Amid the 30-odd groups protesting against the Supreme Court's verdict allowing women to enter the temple against tradition, are some of the local tribes. Mala Arayan, a community whose ancestors settled in the hills surrounding Sabarimala, has set up a vigil at 18 hills through which devotees enter the hill shrine. The community, which is considered as being a close aide of Lord Ayyappan, holds a few traditional rights in the rituals.
Members of another tribal community who live in the forest tracts at Sabarimala, Malampandaram, are already on an indefinite satyagraha. The leader of the tribe, Parasuram Thannickkal, said they will persuade the women not to enter the temple. He said that their protest will continue until an amicable solution to the issue is found.
A 51-year-old woman hailing from the Malayulladan community attempted suicide at Nilakkal around 1.15 pm, when one of the woman pilgrims refused to give up her quest to enter the shrine. The protester identified as Ratnamma tried to hang herself from a tree, however, the fellow protestors foiled the attempt. The woman said she was protesting attempt by someone to defy the customs and traditions of the temple.
Groups of women devotees including senior citizens, clad in traditional sarees, could be seen stopping each and every vehicle at Nilackal, the base camp located about 20 kms away from Sabarimala hill top. Besides private vehicles, devotees even stopped and inspected Kerala State Road Transport Corporation (KSRTC) buses and asked young women to get out of it.
Very few police personnel were present when the incidents happened. One of the woman agitator said, "No woman belonging to the banned age group of 10-50 will be allowed to travel further from Nilackal and offer worship at the shrine" when it opens for the monthly pooja on Thursday evening.
The temple would be closed on October 22 after the five-day monthly puja during the Malayalam month of Thulam. Chanting 'swamiya saranam Ayyappa' matras aloud and clapping their hands, women devotee had been inspecting vehicles at various points en route to Sabarimala since last evening.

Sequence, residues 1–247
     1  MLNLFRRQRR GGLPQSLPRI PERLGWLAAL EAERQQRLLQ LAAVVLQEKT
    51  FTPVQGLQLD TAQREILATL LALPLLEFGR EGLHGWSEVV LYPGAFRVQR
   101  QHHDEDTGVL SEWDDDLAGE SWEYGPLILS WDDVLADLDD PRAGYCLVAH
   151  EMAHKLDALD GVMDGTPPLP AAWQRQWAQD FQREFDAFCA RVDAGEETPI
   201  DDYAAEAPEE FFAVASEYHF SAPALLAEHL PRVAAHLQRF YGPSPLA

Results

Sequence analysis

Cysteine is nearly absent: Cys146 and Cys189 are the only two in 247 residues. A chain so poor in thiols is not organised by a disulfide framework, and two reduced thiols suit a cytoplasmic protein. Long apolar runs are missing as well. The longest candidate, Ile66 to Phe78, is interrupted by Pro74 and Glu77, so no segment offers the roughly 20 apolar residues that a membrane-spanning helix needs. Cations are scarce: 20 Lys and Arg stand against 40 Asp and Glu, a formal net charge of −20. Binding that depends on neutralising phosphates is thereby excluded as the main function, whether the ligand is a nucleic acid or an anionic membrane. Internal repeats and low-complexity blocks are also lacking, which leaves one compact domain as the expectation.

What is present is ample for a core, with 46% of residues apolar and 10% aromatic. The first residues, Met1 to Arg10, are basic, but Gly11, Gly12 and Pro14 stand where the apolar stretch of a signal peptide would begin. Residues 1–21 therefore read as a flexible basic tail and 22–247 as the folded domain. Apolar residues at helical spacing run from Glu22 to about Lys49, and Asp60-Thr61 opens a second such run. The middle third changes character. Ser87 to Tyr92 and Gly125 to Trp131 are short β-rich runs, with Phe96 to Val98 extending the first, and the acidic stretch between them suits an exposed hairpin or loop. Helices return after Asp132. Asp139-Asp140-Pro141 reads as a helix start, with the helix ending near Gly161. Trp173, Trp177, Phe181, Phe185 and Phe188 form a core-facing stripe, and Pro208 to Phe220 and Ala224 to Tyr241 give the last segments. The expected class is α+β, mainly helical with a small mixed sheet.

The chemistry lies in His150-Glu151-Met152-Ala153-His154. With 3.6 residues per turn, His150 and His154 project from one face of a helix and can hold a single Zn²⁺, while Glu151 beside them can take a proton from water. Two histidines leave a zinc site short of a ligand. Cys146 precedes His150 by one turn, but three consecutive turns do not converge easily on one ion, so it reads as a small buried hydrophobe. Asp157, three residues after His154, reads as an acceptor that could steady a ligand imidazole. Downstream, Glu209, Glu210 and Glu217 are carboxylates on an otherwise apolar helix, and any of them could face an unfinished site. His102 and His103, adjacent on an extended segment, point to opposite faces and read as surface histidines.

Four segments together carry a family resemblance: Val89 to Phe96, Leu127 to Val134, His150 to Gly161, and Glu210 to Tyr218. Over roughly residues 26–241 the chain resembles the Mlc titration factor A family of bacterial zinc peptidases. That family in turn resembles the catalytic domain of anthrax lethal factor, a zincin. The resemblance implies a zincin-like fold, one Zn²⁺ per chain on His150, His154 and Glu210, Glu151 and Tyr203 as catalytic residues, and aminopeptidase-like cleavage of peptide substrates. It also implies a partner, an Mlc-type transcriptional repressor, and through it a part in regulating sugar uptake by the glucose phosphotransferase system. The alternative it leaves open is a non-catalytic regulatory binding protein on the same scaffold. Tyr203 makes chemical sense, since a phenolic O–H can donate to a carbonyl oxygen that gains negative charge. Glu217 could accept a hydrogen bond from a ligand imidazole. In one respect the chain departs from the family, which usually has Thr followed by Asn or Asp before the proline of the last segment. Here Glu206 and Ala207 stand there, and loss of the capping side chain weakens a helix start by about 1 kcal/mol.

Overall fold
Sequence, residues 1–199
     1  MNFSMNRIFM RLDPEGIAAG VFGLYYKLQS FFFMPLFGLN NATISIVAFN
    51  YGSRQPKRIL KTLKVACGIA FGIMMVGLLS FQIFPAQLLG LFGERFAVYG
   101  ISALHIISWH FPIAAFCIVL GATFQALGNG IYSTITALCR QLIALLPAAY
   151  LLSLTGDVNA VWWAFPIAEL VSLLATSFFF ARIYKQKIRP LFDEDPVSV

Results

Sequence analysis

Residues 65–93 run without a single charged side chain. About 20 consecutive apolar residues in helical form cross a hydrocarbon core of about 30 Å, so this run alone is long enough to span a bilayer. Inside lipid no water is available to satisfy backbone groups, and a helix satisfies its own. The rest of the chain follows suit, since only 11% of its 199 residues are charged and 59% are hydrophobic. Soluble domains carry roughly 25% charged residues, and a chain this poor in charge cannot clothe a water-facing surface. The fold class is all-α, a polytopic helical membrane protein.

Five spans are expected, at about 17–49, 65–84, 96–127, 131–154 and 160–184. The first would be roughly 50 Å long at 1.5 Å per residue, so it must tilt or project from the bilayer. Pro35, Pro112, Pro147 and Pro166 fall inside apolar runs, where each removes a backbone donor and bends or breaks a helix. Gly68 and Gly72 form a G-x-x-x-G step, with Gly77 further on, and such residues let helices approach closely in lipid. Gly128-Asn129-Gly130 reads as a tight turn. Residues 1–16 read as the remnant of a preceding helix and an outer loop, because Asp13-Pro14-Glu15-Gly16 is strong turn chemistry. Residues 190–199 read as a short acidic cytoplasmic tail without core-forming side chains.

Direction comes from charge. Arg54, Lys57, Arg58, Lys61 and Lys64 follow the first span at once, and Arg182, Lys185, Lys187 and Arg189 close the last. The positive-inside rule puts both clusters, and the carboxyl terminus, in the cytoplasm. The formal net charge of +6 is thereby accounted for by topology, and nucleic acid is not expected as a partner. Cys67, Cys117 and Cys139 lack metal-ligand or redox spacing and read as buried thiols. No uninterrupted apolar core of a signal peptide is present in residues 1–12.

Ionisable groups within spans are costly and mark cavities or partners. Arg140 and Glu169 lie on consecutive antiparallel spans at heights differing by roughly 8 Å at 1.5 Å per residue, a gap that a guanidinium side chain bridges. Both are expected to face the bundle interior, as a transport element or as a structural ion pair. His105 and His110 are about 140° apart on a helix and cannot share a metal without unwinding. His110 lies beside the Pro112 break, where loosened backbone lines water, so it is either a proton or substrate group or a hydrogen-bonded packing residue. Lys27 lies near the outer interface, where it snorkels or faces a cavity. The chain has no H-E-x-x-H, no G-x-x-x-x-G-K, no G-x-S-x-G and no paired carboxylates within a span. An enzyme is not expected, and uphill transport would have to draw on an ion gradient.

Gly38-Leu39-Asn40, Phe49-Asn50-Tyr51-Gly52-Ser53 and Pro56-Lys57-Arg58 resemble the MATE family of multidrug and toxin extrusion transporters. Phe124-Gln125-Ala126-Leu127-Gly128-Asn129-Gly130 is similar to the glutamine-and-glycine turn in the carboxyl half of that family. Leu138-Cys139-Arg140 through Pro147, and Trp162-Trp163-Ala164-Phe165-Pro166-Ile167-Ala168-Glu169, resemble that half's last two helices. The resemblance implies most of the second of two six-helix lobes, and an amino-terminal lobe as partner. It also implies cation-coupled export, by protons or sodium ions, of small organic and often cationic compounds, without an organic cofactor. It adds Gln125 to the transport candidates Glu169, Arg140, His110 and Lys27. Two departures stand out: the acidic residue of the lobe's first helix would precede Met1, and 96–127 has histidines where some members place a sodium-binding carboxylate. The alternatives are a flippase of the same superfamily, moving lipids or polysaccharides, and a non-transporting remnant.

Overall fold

Local television channels reported that some college students, who were sporting black colour dresses, were asked to get out of a bus they were travelling in, by devotees alleging that they were on their way to Sabarimala.
Ayyappa devotees wear black colour dress and a bead chain during the pilgrimage. Women journalists, who tried to reach the hill temple as part of their official assignments, were also stopped at the base camp.
Vijayan, however, warned of stern action against those who prevent devotees. "Stern action will be taken against anyone who prevents devotees from going to Sabarimala," Vijayan told reporters here.
Vijayan also made it clear that the government has no intention to file a review petition and would implement the apex court order. The chief minister said the government has taken a stand on the issue that there should not be any discrimination on the basis of gender.
However, the government has clarified that it would not bring in any law to put its policy into practice. "But, will go by what the Supreme Court says," Vijayan said. Referring to the statement of BJP President P S Sreedharan Pillai that government would be responsible for any law and order situation on the issue, Vijayan said it was the saffron party that was trying to create problem in the state.
The chief minister also condemned the remark of a BJP supporter and actor Kollam Thulasi that "women who go to Sabarimala temple defying the custom should be ripped apart". A group of devotees continued their sit-in dharna in front of secretariat here to protest the government's decision to implement the top court order.
Kerala has been witnessing intense protests including prayer marches and mass rallies by Lord Ayyappa devotees and right wing outfits against the implementation of the Apex court verdict. All protest rallies had witnessed mass participation of women especially that of senior citizens.
The Shiv Sena's state unit recently warned of "mass suicides" if women of the "banned" age group visits Sabarimala. Police have booked actor-turned-BJP supporter, Kollam Thulashi for his controversial remarks.
A 32-year-old woman, hailing from Kannur, had Monday complained that she was being slut-shamed and subjected to threats and abuses on social media after she announced her decision to offer prayers at the Lord Ayyappa shrine. Though the government had earlier considered to deploy women police personnel at Sannidhanam, the temple complex and the 'pathinettam padi,' the sacred 18 steps leading to the sanctum sanctorum, the plan was dropped later following protests of devotees.